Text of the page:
The present study utilizes a high-temperature nano-mechanical system to perform shallow tribology experiments on an ultra-thin (3 nm) hydrogenated amorphous (a-C:H) coating at elevated temperatures up to 300 °C. The nano-scratch experiments (single scratch) provide in-situ measurement of the friction coefficient and material deformation of the carbon film. The nano-wear experiments (repeated scratches over an area) investigate the extent of wear under multiple scratches. The two groups of experiments reveal the temperature dependence of the tribological behavior of the coating. Raman analysis is performed to compare the chemical structure of the carbon film before and after heating. The spectrum reveals both the hydrogen and sp3 content of the carbon film decrease after the high-temperature experiments, which contribute to deterioration of the wear resistance of the coating.
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      PubDate: 2017-07-23T15:56:13Z
       
  • Evolution of implanted Fe ions in SiO2/Si wafer into uniformly sized
           catalyst particles for carbon nanotube forest growth
    • Abstract: Publication date: October 2017
      Source:Carbon, Volume 123
      Author(s): Cheol-Hun Lee, Jaegeun Lee, Sunmog Yeo, Sung-Hyun Lee, Teawon Kim, Hyeon-Gu Cha, Youngmoo Eun, Hyun Jin Park, Seung Min Kim, Kun-Hong Lee
      We report the synthesis of carbon nanotube (CNT) forests with a narrow diameter distribution based on Fe ion implantation method. By annealing the Fe-implanted SiO2/Si wafer in an Ar atmosphere at 800 °C for 15 min, the Fe particles on the surface of SiO2 layer are successfully formed by the diffusion of Fe atoms from the SiO2 layer. Interestingly, the size distribution of Fe catalyst particles for Fe-implanted SiO2/Si wafers does not change with the prolonged annealing durations of up to 12 h. Using secondary ion mass spectroscopy and transmission electron microscopy (TEM), we confirmed that the implanted Fe atoms diffuse out of the SiO2 layer and form Fe particles on both the SiO2 surface and the interface between SiO2 and Si. The cross-sectional TEM images indicate that the Fe catalyst particles are anchored in the SiO2 layer, which limits the particles' mobility and results in an invariant catalyst size distribution for prolonged annealing durations. Therefore, we anticipate that implantation can be an efficient alternative catalyst preparation method for CNT forest growth which can solve various growth issues that are inherently caused by conventional physical vapor deposition method.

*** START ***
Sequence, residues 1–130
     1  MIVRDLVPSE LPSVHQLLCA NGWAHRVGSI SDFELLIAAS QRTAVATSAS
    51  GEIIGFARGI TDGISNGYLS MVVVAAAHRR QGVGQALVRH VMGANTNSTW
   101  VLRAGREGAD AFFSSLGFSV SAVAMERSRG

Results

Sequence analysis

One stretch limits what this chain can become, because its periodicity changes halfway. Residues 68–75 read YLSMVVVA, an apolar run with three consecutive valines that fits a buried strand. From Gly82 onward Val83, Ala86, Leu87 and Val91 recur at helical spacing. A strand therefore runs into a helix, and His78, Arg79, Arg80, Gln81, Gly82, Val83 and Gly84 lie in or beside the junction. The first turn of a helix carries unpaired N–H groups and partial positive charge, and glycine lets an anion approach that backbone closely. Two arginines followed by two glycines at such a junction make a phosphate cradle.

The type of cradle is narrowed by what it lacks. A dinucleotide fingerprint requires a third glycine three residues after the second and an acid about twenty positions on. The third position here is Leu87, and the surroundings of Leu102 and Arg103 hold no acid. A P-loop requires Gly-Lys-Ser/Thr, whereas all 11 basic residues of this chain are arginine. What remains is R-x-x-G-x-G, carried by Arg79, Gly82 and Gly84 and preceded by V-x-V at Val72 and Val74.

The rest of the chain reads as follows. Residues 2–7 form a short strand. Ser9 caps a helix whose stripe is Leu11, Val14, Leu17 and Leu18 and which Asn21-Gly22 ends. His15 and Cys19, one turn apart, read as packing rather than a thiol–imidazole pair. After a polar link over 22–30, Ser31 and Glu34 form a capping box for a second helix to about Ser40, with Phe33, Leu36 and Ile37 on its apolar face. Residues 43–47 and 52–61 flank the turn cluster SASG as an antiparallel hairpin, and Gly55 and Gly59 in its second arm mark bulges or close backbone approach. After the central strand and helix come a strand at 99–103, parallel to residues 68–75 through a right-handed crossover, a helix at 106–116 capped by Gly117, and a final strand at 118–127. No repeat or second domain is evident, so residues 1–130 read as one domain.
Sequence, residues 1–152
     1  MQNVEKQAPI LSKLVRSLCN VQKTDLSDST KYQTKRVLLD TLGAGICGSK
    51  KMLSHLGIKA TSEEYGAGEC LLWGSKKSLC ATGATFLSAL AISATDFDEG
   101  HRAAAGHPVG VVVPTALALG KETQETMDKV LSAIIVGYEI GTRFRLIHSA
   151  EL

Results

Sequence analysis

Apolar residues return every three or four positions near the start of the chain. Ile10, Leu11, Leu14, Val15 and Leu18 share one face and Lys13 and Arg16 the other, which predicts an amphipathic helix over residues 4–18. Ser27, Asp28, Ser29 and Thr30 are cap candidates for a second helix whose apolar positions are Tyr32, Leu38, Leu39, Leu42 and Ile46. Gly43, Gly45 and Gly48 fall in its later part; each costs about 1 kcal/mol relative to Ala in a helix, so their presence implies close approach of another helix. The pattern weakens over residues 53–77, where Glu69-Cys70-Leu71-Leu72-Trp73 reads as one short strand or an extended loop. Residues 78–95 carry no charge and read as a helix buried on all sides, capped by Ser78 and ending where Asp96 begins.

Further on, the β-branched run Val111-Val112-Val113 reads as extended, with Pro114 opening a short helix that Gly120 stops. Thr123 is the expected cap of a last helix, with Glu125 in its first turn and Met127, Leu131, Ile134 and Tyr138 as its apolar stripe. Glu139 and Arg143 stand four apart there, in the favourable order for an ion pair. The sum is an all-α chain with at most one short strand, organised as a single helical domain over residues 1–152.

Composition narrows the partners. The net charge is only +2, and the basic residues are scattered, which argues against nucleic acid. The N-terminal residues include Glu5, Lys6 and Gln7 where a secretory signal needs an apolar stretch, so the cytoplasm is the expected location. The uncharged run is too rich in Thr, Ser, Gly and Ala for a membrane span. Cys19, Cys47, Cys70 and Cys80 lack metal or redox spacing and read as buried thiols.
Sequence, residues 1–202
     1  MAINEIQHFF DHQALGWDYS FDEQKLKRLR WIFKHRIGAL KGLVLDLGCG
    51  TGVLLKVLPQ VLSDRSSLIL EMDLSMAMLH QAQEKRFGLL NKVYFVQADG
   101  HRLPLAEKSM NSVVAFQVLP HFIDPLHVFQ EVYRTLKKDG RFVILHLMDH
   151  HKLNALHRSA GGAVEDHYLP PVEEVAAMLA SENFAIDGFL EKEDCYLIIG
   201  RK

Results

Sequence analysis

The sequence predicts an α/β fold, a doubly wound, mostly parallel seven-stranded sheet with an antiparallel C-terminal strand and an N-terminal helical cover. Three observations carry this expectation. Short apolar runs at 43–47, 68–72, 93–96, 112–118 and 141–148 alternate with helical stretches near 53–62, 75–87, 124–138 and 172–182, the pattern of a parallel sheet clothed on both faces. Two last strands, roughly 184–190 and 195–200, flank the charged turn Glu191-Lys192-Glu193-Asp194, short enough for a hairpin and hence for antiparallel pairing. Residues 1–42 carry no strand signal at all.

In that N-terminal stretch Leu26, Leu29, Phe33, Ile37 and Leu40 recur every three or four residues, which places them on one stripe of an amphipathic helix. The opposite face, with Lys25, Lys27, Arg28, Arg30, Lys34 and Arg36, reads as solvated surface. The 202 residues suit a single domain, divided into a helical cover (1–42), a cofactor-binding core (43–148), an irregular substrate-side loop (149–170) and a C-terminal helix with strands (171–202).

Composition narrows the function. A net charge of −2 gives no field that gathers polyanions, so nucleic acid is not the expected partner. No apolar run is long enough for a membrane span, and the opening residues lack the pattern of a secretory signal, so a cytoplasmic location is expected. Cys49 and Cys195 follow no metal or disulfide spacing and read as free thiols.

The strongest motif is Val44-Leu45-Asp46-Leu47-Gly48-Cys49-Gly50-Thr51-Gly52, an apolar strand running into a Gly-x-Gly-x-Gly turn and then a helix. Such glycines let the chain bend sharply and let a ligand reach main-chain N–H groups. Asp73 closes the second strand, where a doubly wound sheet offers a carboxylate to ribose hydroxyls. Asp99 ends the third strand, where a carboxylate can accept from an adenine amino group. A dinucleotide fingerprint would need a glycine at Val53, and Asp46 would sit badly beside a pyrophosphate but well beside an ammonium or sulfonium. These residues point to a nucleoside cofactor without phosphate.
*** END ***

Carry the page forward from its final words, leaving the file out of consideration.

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      PubDate: 2017-07-23T15:56:13Z
       
  • Encapsulation of two-dimensional materials inside carbon nanotubes:
           Towards an enhanced synthesis of single-layered metal halides
    • Abstract: Publication date: October 2017
      Source:Carbon, Volume 123
      Author(s): Stefania Sandoval, Elzbieta Pach, Belén Ballesteros, Gerard Tobias
      The unique properties of two-dimensional (2D) nanomaterials make them highly attractive for a wide range of applications. As a consequence, several top-down and bottom up approaches are being explored to isolate or synthesize single-layers of 2D materials in a reliable manner. Here we report on the synthesis of individual layers of several 2D van der Waals solids, namely CeI3, CeCl3, TbCl3 and ZnI2 by template-assisted growth using carbon nanotubes as directing agents, thus proving the versatility of this approach. Once confined, the metal halides can adopt different structures including single-layered metal halide nanotubes, which formation is greatly enhanced by increasing the temperature of synthesis. This opens up a new strategy for the isolation of individual layers of a wide variety of metal halides, a family of 2D materials that has been barely explored.
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      PubDate: 2017-07-23T15:56:13Z
       
  • Transformation from FeS/Fe3C nanoparticles encased S, N dual doped carbon
           nanotubes to nanosheets for enhanced oxygen reduction performance
    • Abstract: Publication date: October 2017
      Source:Carbon, Volume 123
      Author(s): Changting Wei, Mengxia Shen, Kelong Ai, Lehui Lu